HARBEL, Margibi – During the latest outbreak of Ebola in the country, many citizens have had a low level of awareness of the situation. Information dissemination has also not been as widespread as with previous outbreaks.
At the University of Liberia’s Fendell campus, student Joshua Kennedy said since the confirmation of the fourth and recent outbreak, he has seen people pay less attention than in previous outbreaks.
“I can remember when Ebola came, especially during the second and third outbreaks. Everywhere in the country, there was something happening on awareness and safety measures, but as for this only a few people are even aware and taking precautions,” Kennedy told The Bush Chicken in an interview on Monday.
He said because of the low awareness, people are complacent and are not observing all preventive measures.
Austin Fallah, a resident of Dolo Town, the hardest hit community in Margibi, believes citizens have too quickly forgotten the trauma that Ebola caused the town. For him, he said the name Ebola will always remain a nightmare because of the devastating impact it had on his family.
Fallah lost his both parents, his wife, and their two children in the second outbreak of the virus.
“So for this reason, I will always have a great fear of Ebola and remember how to [protect] myself and family,” he said.
Nyamah Kollie, a resident of Kakata attending the University of Liberia, called on health authorities and all stakeholders in the Ebola fight not to overlook the current outbreak. “I have witnessed families being destroyed, so I don’t want people to overlook any Ebola situation,” she advised.
Some local journalists and media houses are blaming tight bureaucracy, slow flow of information, and the lack of support to the media for the limited awareness.
The head of Atlantic Radio in Kakata, Kutu Sawo, has blamed the low awareness on the failure of the central government to appreciate the works of the local media.
He said though community radios became an essential partner to Liberia’s achievement of an Ebola-free status, the government has not provided any support to them in their effort to eradicate Ebola.
“The government did not appreciate the local media. Even in providing support or risk benefits,” he said.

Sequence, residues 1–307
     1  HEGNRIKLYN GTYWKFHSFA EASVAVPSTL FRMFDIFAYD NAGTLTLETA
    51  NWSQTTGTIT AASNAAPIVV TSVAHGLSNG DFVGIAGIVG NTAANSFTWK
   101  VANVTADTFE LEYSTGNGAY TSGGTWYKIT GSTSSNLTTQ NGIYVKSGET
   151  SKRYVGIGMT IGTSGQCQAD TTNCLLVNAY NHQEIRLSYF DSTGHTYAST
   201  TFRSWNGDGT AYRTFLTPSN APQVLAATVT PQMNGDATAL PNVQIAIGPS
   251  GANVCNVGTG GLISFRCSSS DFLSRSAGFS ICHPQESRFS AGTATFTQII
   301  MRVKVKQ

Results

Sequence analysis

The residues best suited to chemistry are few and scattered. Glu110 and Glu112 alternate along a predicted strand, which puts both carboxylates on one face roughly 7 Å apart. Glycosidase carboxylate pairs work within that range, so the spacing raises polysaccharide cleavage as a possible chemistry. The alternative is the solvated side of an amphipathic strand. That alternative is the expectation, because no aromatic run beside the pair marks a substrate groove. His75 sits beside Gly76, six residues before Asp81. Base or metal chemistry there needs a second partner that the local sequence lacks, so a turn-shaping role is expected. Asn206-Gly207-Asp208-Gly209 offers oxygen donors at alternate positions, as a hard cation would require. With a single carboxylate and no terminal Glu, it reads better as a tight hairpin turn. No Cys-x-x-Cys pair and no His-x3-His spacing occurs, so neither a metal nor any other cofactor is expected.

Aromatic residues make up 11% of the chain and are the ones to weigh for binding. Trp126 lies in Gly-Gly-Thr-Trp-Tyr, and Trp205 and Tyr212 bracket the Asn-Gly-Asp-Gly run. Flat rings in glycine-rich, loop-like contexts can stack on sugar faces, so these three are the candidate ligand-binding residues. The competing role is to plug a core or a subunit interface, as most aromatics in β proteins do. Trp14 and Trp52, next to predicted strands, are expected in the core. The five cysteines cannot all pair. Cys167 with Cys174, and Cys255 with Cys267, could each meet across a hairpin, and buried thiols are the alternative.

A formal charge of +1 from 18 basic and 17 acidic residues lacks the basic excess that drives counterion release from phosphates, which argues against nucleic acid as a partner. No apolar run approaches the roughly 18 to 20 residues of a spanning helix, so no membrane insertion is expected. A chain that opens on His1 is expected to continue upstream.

He added, “During previous outbreaks, we took the risks and went to those affected communities to report of the outbreak, using our own little resources because we understood that the fight was a national emergency, but when benefits came, the media was forgotten.”
Dekontee Sayway, a radio Journalist at Peace FM in Harbel, also blamed the poor media awareness on the lack of direct support from the government.
He told The Bush Chicken that they depended on contracts that were mostly coming from local NGOs. “The local media is surviving mostly on programs sponsored by local NGOs, so when the NGOs bring Ebola-related programs, we will air them,” he said.
The Association of Liberia Community Radios had earlier this year expressed disappointment at the failure of the government and its partners to appreciate the contributions of community radio stations in the Ebola crisis.
William Quire said in the statement on October 2 that although the works of community radio stations were recognized, they were not appreciated for the contributions they made to the successful end of the Ebola outbreak in the country.
Quire said surveys conducted by IREX, Talking Drum Studio, and the Liberia Media Center had revealed that over 80% of the people listening to the radio in the counties listened to community radios.
Another potential explanation for the low level of awareness, or at least the lack of panic is the apparent competency exhibited by health officials.
When Deputy Health Minister Francis Kateh confirmed last weekend that there were now three confirmed cases, he also said health authorities had come up with 153 contacts including 25 nurses in a matter of hours after the cases were confirmed. Kateh said the contacts and several homes had been placed under close observation.
The 15-year-old boy has now died from the disease, and his father and brother are undergoing treatment at the ELWA 3 Ebola Treatment Unit.
The Ministry said it is working with the Montserrado Health Team and partners to contain the outbreak. It has also encouraged citizens to continue all safety measures against the virus.
The first outbreak of Ebola in Liberia occurred in March 2014 and was limited to Lofa. The second was the major outbreak that peaked in October 2014. By March 2015, the outbreak was effectively contained. However, a third outbreak erupted in June 2015 and was quickly checked by health authorities.
Featured photo by UNMIL/Emmanuel Tobey